their opponent’s actions per minute.

The deck is definitely beatable. Exploitable even if it gets too popular.
Graveyard hate and Stony Silence tend to be great against the deck.
Excellent and consistent tournament finishes like

Matt Nass

‘s pair of

Grand Prix wins

and Zac Elsik’s finals appearance at the

Season One Invitational

this year ultimately carry more weight in the conversation than the
theoretical notion of “beatability” from my perspective. I’ll grant that
these finals appearances are perhaps Ironworks over-performing, but only
slightly. Even when Ironworks isn’t winning the tournament outright you
will still find it peppered in tournament results among the top finishing
decks. Two of the top 16 teams from the

Worcester Open

this weekend had an Ironworks player in their Modern seat, and the

Modern Classic results

mark another Top 8 and Top 16 finish.

I’m not looking to make a sweeping declaration about any sort of format
dominance, my position here is that Ironworks has staying power in the
format and its presence in the field presents logistical issues that
negatively impact tournament experiences. These things, historically, tend
to lead to cards getting banned. Naturally players don’t like it when cards
are banned, and ban decisions should not be made lightly. The following is
my short list of candidates in the discussion and my thoughts on each.

I’ve seen calls for the banning of the deck’s namesake card, which is a
fine place to start the conversation. Ironworks is the card that makes the
engine run, after all. The appeal of banning Ironworks itself would be that
you don’t take anything away from other decks. Bans with few cascading
effects are attractive in that a larger percentage of players get to
continue playing their decks without having to make any changes and it’s
relatively easy to predict the impact such bans would have on the metagame
at large.

The downside is that your banlist now contains a four-mana card that can
only be cast at sorcery speed. There are plenty of things that a player can
do to beat cards of this nature in a format as wide as Modern, to the point
that the four-mana card is basically never the actual problem. Bloodbraid
Elf and Jace, the Mind Sculptor were just unbanned, after all. Their
unbanning and tame presence in the format is a good lesson about the power
level the format can sustain in the four-mana slot.

Krark-Clan Ironworks as a card is only playable in the context of a very
specific framework. Your deck needs to be stacked with cheap artifacts,
which generally means that your deck is stocked with a lot of air. Ichor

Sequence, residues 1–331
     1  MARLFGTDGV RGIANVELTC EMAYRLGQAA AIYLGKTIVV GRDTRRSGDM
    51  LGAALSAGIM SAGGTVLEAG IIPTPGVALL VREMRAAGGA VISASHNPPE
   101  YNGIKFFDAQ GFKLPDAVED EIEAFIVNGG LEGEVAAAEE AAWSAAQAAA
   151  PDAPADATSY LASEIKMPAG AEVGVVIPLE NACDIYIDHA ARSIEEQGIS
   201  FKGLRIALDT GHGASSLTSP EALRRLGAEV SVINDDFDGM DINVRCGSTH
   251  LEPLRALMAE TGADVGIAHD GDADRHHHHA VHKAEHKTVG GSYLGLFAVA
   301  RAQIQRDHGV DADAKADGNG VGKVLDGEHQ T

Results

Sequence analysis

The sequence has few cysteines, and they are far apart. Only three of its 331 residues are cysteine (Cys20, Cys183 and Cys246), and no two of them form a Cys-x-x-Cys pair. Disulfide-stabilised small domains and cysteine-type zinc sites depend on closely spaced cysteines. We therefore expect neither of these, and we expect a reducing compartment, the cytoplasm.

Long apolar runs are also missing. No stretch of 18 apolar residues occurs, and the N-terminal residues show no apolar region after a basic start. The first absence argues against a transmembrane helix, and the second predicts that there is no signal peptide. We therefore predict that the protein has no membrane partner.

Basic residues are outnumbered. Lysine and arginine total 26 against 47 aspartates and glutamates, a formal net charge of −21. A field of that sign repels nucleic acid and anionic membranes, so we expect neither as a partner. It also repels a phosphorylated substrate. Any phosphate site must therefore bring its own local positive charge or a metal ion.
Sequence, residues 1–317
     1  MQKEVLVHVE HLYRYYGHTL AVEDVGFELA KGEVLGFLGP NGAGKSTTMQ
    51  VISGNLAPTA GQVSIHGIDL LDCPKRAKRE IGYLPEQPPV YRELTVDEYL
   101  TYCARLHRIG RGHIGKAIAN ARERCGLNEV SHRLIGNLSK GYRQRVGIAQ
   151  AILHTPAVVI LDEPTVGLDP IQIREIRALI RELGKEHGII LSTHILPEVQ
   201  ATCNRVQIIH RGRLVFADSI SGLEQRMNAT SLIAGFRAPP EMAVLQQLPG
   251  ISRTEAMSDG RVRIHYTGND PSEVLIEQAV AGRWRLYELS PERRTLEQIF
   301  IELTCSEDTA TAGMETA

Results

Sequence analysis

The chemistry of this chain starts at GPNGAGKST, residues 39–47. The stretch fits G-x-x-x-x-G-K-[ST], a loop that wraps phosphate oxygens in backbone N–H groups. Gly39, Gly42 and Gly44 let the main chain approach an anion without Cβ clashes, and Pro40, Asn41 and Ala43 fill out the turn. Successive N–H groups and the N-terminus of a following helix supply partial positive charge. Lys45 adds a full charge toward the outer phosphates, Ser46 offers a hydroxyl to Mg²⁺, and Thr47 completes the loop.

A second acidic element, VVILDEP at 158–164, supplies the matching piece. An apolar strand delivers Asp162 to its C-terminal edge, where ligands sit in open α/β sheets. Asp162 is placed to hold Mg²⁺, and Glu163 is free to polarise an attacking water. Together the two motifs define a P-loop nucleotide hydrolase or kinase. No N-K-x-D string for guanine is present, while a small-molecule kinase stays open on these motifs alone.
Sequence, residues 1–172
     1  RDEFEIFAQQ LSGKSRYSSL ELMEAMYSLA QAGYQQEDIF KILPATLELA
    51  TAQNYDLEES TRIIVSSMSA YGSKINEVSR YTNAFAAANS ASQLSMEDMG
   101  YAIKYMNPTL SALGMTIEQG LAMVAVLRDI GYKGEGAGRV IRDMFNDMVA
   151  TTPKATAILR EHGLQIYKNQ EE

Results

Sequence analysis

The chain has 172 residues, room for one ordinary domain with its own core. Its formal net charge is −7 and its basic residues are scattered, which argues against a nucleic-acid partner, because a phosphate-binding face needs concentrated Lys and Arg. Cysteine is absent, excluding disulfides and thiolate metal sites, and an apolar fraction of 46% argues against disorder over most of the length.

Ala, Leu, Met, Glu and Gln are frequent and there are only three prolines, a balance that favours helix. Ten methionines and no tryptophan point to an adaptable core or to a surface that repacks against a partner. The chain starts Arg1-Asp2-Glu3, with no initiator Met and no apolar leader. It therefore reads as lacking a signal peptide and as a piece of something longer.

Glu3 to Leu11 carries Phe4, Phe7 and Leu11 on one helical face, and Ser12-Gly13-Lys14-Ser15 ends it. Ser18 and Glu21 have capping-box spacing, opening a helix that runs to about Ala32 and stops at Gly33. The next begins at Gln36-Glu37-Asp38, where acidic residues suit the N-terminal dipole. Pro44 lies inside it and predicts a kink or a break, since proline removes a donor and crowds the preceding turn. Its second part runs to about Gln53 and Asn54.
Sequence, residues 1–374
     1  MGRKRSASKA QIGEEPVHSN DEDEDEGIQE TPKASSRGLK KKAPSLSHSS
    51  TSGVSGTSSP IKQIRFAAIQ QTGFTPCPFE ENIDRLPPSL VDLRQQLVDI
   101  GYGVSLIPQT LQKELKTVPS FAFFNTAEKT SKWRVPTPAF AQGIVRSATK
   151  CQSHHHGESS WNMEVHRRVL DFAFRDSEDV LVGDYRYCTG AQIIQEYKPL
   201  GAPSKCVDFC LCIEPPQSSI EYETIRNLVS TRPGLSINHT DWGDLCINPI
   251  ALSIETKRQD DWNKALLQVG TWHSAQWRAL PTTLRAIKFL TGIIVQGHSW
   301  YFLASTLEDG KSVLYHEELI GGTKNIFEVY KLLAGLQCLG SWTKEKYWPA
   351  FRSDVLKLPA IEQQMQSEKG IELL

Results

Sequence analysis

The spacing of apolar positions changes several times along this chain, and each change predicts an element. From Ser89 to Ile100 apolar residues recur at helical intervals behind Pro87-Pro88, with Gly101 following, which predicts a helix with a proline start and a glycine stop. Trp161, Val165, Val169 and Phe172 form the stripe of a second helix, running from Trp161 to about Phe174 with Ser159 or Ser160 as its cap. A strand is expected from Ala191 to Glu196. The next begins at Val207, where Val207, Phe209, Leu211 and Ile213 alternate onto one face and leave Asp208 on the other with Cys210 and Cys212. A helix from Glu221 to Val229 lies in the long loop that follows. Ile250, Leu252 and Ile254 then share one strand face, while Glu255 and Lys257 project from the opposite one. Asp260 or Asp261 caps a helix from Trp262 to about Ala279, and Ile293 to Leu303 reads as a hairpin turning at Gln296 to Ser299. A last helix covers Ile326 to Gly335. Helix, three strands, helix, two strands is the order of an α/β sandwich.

Wellspring is an important part of the deck, but as a singular card is a
do-nothing that you’re required to play. The restrictions that Ironworks
places on a player and the wonkiness of the card are both things that are
cool to see in tournament Magic. Meanwhile, the legality of some of the
other cards in the deck are of a somewhat dubious nature.

I’m not going to mince words here, Mox Opal is on borrowed time. Moxen have
a storied history of degeneracy, and cheating on mana is a consistent
thread in the Modern banlist and the banlists for other formats as well.
Chrome Mox has never been legal in Modern, and the concern with regard to
fast mana enabling combo decks and the oppressive impact these decks have
on Constructed formats has been borne out time and again. I’ve long held
the position that whether to ban Mox Opal is less a matter of if than one
of when.

Despite being a mainstay in a deck that I believe to be a problem, I would
still say that the answer to this question of when is “not now.” Modern is
always going to have a handful of cards that are definitely too good to see
print by whatever the current design philosophy is, and having some busted
effects in the format is even desirable. Playing a bunch of cards on the
same turn is fun, and you want the format to offer a variety of powerful

The reason that Mox Opal is currently given a pass is that Affinity is a
deck that many players are invested in that offers interesting gameplay in
an easily exploitable strategy. Artifact hate can be backbreaking for
Affinity, and even just having a high volume of spot removal can stop the
deck in its tracks. Not to mention that extremely maindeckable cards like
Kolaghan’s Command and Electrolyze offer pre-sideboard “hate” for this
strategy. Mox Opal will be banned one day, though it’s unlikely to be
because of Affinity.

The alarm bells for Mox Opal have actually sounded relatively recently when